by Mentoring Consultant Donna Herdsman
I have come to recognise that there are people who have been there throughout my life. Some people have become my friends over time, others I see occasionally at social get-togethers, but no matter what, I know we are there for each other now. These friends have always wanted me to be happy, and many have encouraged me to share and live my dreams. In essence, they have all acted as mentors to me.
Mentoring begins early in life
My parents and sisters have always loved me for who I am which, to some degree, made me feel that no matter what I did I could never really lose. But as I grew I recognised that I also needed to work out for myself what I wanted my life to look like.
I remember when a careers service came to visit my secondary school. They suggested I became a secretary, but I knew that career path wasn’t the right one for me. Luckily, a supportive geography teacher told me I could be anything I wanted to be. He asked if I had thought of doing a degree, but the thought scared me. What if I failed? I’d not only be letting myself down but my family and my community too. But, having done a degree himself, my teacher said he knew that it was well within my capabilities.
His belief in me gave me the inner strength to step into the unknown. I moved to London and completed a business studies degree which has formed the basis of not only my professional career, but also some of the wonderful experiences I’ve had to date, such as working in South Africa for Nelson Mandela’s government.
Contributing to society
I am pleased to say that mentoring is an integral part of my life, helping me to contribute – albeit in a small way – to society as a whole. Winning the First Woman Mentor of the Year Award a couple of years ago remains one of my much-loved achievements.
Here are some things I’ve learnt as both a mentor and mentee:
As a mentee
• There are elements in the journey of my life where I’ve needed to make a decision. No important decision is black or white. I don’t have perfect foresight. My mentors have helped me to consider the pros and cons of any situation. Mentors help me to give myself permission to think about what is important to and for me.
• I think a lot of us have that little voice in our heads with a loud amplifier reminding us about all the things you’re not good at. Some might call it imposter syndrome. It’s important not to be paralysed by the past but to think about how you can make a better future. My mentors create a safe haven for me to do this.
• Things do not always go as well as you wish and the empathy and understanding of my mentors has meant that I have been able to learn from such situations, forgive myself and eventually move on. My mentors have helped me to understand approaches for navigating difficult situations, like office politics and not letting the impact of unconscious, or otherwise, bias shape who I become. Sounds small but this is significant beyond measure.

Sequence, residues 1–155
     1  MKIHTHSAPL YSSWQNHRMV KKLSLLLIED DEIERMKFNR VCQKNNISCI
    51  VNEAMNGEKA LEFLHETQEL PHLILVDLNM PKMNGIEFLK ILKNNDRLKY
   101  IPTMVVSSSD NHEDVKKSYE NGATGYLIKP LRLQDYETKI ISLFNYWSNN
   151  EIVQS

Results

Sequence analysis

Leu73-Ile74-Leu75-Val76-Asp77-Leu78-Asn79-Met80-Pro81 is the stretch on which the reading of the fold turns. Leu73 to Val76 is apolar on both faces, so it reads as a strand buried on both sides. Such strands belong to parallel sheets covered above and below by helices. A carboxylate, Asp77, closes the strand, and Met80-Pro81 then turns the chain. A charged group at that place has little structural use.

• If you were to ask me about the key difference mentors have made to my life, I would say it’s learning to be kinder by setting aside the hostility that I have faced and not letting that define me. I’ve been told to “go back home”, that I won’t ever succeed because of the colour of my skin and/or my gender, and that I don’t fit in and far more besides. Yet I continue to live and breathe – whilst I have breath, I have hope!
I have been overwhelmed by the kindness of my mentors. They have shared their approaches with me in their professional and personal lives. My mentors have enriched the tapestry of my life for which I sincerely am humble for.
As a mentor
• As a mentor, I have had to learn to really listen to my mentee and support them to do what’s best for them. Being a mentor is about supporting your mentee and providing a listening ear to help them find a way forward to problems and challenges, while not letting your own experiences cloud your advice or judgement.
• I am very inquisitive and love to ask questions – I am sure that is linked to my audit training. I have come to realise that some people think I am challenging their expertise, but this is not so. I want to find the ‘real them’ to try to get a view of the world through their eyes. On a personal level, this helps me to be empathetic, while remaining objective.
• The more uncertain my mentee is feeling, the more they need me. In this context, I believe that my role is to encourage my mentees to remember all the things that have helped them be who they are – resilience, survival, excellence, empathy, love of life, family, the list can be never ending. My mentees can learn to sustain their positivity, especially in times of disappointment.
The positive impact of mentoring cannot always be measured or seen immediately. Often mentoring provides a foundation to enable a person to grow and develop, whether that’s personally or in the workplace.. For example, providing mentees access to my wider network has enabled them to find others who can support them with specific aspirations.
• I have learned that sharing successes and failures is of equal importance. Learning to celebrate and how to survive the challenges of life is invaluable. As a mentor, I have the ability to contribute positively to both my mentees as well as my own personal growth, by remembering that the best way to overcome disappointment is to focus instead on the art of the possible, a lesson I have learnt from my mother.
We are all people. No matter what your role at any given time, bring your whole self to bear. Be open about your values and what is important to you. The future is uncertain, so embrace each day as fully as you can, and know that whatever the world throws at you, you are not alone. Believe always: ‘Yes I can’.